B: When the underground Detroit scene as we know it now was first blossoming, Athletic Mic League wasn’t really a part of that. For one, we lived about thirty minutes away in Ann Arbor, and secondly, we just weren’t old enough at that point in time to be able to go to Detroit to see what was happening. We just had to hear through the grapevine about stuff like The Hip-Hop Shop and The Shelter. So we had to create our own scene in Ann Arbor and that’s eventually what we ended up doing. But once we’d done that it was inevitable that we’d venture into the Detroit scene. So around 2001 / 2002 is when we first started doing shows in Detroit and getting recognition out there. It was tough at first because not a lot of people knew us, but once they saw we made good music it’s been all love ever since. It’s like there’s a big family in Detroit now when it comes to music because everyone’s supporting each other and working together. I think that the state of Michigan is producing the best Hip-Hop music out there right now.

RP: How would you say the new album “There’s Only One” differs from last year’s “Pure” project?

B: I would say it’s more aggressive than “Pure”. The Lab Techs brought a bigger sound to their production this time around. I wouldn’t say it’s a step away from what people heard on “Pure” because a few of the tracks on the new album were originally recorded for that project. So it’s not like we’ve tried to create a whole new sound or take my music in a completely different direction, but this album definitely feels bigger than “Pure”. I really think that when it comes to production and lyrics, the Detroit scene is leading the way right now, and it’s definitely an honor to be a part of that. Nowadays, so many people are talking about taking the music back to the old-school, but whilst I think it’s definitely important to pay homage to that era, I think we should be concentrating on moving the music and the culture forward, and that’s something I’ve tried to do with the new album.

RP: Speaking of paying homage, the album cut “Classic Rap” is a throwback track with a difference – instead of calling out artists’ stage names you refer to them only by their real names. Why did you decide to do that?

B: Everyone knows that artists paying homage on record to those who’ve come before them has been done many times. I also wanted to show respect to those artists I looked up to coming up, but I wanted to do it in a different way. I had the first couple of lines to the song in my head for a couple of weeks and I didn’t really know what I was gonna do with them, then I heard the beat and it inspired me to keep writing the song and I decided I was going to go all the way with the concept of using artist’s real names rather than the names they record under. If people hear the song and don’t recognize the names I’m mentioning then I hope they’ll jump on their computers and do some research because if you really love this music then studying the history behind it is something you should be prepared to do.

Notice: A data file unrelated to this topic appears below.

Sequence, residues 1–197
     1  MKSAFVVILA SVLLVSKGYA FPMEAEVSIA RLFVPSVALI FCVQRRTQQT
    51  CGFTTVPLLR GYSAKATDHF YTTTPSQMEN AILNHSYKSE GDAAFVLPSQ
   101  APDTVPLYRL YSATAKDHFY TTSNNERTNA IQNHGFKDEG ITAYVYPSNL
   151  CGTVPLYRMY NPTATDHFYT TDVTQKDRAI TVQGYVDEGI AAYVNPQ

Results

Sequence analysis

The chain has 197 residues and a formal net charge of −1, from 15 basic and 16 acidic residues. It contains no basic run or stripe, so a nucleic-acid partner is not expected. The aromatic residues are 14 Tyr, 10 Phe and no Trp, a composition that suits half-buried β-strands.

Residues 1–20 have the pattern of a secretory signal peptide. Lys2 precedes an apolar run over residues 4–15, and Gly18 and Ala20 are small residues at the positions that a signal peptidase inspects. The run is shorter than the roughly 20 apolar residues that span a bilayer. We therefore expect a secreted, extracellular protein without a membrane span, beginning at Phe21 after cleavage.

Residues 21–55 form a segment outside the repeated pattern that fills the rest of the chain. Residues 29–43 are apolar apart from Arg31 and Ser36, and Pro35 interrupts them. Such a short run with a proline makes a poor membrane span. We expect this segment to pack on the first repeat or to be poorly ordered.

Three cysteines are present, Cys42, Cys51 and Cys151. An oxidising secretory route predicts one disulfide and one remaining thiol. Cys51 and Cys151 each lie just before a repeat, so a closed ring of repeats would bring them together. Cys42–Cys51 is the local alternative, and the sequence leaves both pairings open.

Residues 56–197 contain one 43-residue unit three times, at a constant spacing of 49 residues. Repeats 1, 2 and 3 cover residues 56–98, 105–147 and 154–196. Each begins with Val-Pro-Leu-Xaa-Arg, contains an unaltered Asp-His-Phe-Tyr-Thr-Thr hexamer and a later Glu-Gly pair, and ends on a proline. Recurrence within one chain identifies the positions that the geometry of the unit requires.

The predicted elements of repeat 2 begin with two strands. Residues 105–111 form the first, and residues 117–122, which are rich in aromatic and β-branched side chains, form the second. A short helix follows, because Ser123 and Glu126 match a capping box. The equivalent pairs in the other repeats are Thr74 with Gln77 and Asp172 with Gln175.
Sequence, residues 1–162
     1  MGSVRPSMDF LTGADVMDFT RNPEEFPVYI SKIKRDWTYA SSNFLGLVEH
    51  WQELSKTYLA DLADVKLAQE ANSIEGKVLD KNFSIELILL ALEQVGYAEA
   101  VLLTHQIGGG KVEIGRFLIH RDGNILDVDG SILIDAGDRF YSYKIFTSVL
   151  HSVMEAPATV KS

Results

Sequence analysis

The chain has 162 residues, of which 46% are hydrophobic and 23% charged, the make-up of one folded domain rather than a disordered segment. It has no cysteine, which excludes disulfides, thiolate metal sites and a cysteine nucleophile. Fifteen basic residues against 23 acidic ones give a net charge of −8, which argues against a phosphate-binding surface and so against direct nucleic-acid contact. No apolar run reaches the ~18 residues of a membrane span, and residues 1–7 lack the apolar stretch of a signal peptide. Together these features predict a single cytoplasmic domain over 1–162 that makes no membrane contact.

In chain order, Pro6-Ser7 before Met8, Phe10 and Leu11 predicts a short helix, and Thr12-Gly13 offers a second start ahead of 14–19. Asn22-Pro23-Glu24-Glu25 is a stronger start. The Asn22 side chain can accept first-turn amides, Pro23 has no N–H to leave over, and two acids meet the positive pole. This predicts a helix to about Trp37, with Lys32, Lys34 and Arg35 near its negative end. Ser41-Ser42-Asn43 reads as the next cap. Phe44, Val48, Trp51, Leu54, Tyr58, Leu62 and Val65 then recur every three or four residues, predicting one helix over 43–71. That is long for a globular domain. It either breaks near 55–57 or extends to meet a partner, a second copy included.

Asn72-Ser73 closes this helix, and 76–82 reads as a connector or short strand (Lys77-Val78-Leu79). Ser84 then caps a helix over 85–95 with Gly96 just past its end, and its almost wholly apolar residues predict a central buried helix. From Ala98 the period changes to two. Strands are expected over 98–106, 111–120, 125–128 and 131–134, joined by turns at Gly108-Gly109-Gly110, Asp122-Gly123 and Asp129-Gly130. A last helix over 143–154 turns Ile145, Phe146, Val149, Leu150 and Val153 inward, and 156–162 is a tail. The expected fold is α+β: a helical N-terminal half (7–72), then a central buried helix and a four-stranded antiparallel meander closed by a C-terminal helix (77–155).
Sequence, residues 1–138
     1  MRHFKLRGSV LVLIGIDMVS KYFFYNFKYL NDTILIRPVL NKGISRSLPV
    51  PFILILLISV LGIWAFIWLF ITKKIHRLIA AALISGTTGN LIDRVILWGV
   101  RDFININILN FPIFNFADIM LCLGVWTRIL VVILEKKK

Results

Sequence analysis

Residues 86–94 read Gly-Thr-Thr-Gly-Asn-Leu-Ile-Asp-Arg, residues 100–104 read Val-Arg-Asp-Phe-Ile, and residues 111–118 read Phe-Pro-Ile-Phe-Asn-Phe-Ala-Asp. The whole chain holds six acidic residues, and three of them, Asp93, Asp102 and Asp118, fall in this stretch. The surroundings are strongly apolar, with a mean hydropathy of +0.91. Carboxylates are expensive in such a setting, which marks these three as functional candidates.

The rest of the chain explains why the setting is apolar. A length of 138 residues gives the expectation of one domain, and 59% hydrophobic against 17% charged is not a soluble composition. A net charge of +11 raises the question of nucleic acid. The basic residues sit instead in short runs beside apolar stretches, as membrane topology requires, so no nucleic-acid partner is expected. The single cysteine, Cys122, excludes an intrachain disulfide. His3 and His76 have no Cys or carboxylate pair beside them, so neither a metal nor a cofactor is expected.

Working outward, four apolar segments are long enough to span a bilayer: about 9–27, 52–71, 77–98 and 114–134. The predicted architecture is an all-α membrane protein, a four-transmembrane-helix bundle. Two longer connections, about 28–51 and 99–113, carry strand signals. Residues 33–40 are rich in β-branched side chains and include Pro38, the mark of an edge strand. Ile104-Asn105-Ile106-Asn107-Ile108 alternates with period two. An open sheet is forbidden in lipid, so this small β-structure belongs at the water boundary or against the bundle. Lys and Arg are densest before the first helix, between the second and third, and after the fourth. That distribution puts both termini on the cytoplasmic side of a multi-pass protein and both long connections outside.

RP: The album’s lead single “Beat The Speakers Up” is a potentially radio-ready record that actually criticizes the same playlist system it could possibly find itself a part of. Isn’t that something of a risk on your part?

B: Yeah, definitely. It’s tough as far as the radio is concerned, especially here in Detroit, because there’s only a handful of people who support local music on Detroit radio. I don’t think that’s right and it just doesn’t make sense to me that you can listen to the radio for a short period and hear the same song three or four times. The purpose of “Beat The Speakers Up” was to highlight that issue. I like to go to the club and I enjoy club music, so I wanted the song to be catchy, but I also wanted to put a twist on it with the lyrics. I wanted the track to be able to be played in the club and on the radio, but at the same time, I wanted to challenge people and make them think about the music that they’re hearing.